As a physician, I often ask people if they believe we’re living in a healthy society. The nearly universal reaction is a sardonic laugh. We live in a time of unparalleled abundance, safety, comfort, and prosperity, and yet many of us sense that our way of life is unsustainable. Grim statistics of species extinction, natural resource depletion, income inequality, etc., fuel the feeling that our trajectory is off-kilter, while vague notions of the impending impact of exponential technologies like automation, AI, and bio-engineering loom in our minds. It’s no surprise that we now have simultaneous epidemics—not just of the usual chronic diseases, but also of various addictions, mood disorders, and general lack of meaningfulness in life, and for the first time since WWI, our life expectancy has declined for 3 years in a row.
Despite all the politicking about “healthcare reform” over the past few decades, we don’t have much to celebrate yet. Although we have a robust sick-care system, it is unsustainably expensive, and there is very little actual “health-care” to speak of. If we don’t change course, in less than a decade 80% of the entire governmental budget will go to medical spending, and faith in the idea that we’ll fix the system simply by relegating the book-keeping responsibility to federal administrators (i.e. Medicare-for-all) is naÏve.
The good news is that there are also remarkable things arising and gaining momentum. At the economic forum in Davos last month, for example, an organization called Civiana hosted a “Remembering the Future” event in which prominent speakers gave presentations about how we “solved” a number of the UN’s 17 Sustainable Development Goals by 2030. These “SDGs” provide an excellent groundwork for helping us define what a healthy society would look and feel like to live within—during our lifetime.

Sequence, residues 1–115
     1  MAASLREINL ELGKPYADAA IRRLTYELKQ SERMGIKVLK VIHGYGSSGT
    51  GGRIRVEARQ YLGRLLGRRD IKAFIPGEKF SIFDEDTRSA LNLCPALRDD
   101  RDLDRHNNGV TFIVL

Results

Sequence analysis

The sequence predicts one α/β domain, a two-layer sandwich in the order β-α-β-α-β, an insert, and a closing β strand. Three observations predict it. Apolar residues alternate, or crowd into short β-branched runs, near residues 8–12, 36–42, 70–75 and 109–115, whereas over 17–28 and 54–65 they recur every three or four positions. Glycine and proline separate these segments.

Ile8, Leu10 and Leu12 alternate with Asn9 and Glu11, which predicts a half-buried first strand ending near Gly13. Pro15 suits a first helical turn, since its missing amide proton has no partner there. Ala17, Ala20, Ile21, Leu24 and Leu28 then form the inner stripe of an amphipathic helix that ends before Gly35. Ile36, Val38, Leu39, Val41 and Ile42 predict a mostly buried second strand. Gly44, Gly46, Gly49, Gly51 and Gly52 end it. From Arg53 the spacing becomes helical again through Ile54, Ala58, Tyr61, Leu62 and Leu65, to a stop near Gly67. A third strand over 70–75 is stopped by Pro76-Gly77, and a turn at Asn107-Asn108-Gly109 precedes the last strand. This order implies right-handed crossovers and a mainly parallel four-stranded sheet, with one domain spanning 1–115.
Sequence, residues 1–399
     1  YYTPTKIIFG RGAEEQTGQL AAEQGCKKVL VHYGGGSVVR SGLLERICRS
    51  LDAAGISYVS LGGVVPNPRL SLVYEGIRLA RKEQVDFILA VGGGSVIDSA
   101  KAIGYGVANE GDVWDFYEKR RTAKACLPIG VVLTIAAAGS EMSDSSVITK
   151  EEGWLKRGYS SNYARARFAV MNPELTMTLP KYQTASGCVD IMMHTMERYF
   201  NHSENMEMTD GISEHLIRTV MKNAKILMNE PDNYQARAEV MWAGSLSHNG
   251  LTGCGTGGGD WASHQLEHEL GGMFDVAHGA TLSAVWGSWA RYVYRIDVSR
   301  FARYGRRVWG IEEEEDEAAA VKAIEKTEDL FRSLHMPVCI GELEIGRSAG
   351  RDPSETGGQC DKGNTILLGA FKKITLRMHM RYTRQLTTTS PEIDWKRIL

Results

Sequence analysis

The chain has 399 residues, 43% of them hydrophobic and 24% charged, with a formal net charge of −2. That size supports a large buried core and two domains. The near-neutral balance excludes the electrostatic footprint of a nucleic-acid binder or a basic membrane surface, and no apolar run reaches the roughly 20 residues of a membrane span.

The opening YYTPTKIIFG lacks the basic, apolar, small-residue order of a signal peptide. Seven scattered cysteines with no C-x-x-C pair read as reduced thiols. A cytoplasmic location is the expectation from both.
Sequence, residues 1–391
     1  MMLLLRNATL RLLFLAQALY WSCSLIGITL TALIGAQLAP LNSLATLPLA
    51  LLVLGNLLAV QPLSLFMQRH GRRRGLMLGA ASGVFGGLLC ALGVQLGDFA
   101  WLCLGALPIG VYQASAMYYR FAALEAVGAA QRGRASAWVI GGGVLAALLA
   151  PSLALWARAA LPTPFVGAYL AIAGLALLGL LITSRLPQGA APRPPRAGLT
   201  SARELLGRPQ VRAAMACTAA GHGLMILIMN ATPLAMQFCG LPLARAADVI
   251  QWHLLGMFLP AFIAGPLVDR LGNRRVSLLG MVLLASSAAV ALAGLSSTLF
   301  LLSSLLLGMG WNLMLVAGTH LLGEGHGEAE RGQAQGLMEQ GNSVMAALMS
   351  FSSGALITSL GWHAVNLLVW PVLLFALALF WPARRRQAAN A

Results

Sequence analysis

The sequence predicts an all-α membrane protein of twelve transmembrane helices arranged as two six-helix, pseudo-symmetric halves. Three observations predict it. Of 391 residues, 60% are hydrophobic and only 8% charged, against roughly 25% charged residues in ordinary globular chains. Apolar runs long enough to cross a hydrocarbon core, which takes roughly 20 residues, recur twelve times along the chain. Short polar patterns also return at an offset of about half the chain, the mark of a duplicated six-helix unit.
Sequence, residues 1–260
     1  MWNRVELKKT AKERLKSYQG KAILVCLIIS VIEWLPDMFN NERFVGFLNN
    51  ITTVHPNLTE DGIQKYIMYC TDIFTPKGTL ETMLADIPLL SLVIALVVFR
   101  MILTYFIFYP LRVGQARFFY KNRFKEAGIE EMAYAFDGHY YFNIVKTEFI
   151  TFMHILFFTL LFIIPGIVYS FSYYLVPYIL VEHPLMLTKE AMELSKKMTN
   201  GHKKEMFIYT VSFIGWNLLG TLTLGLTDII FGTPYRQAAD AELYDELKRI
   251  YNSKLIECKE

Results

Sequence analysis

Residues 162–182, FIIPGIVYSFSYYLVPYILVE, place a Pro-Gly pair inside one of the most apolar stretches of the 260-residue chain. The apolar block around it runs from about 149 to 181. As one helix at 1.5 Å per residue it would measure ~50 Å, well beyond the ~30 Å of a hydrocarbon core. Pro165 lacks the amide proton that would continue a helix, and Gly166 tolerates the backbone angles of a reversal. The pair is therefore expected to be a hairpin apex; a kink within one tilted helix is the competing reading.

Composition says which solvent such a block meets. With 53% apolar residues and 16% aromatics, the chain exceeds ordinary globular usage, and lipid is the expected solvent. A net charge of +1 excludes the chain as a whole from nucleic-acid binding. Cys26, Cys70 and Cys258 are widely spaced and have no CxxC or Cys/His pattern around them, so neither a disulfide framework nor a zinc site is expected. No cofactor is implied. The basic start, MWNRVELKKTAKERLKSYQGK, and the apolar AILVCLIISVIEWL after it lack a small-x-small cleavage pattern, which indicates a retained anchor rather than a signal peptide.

Fortunately we live in a community where moonshots and BHAGs are colloquialisms. It’s time for a grand vision of what a healthy society might look like. Then we can reverse-engineer a healthcare system to be worthy and supportive of that vision. Attempts at transforming how we pay for, practice, and deliver healthcare will continue to have disappointing results if such efforts are not based upon a comprehensive vision of a healthy society, despite how fantastical or far-fetched the idea may appear to be. We need a new North Star, a coherent system of updated guiding principles which begin with supplementing our understanding of economics (how we exchange value) with eudaimonics (how we define a life well-lived). Boulder county is exactly the kind of ‘idea lab’ suited for such bold experiments.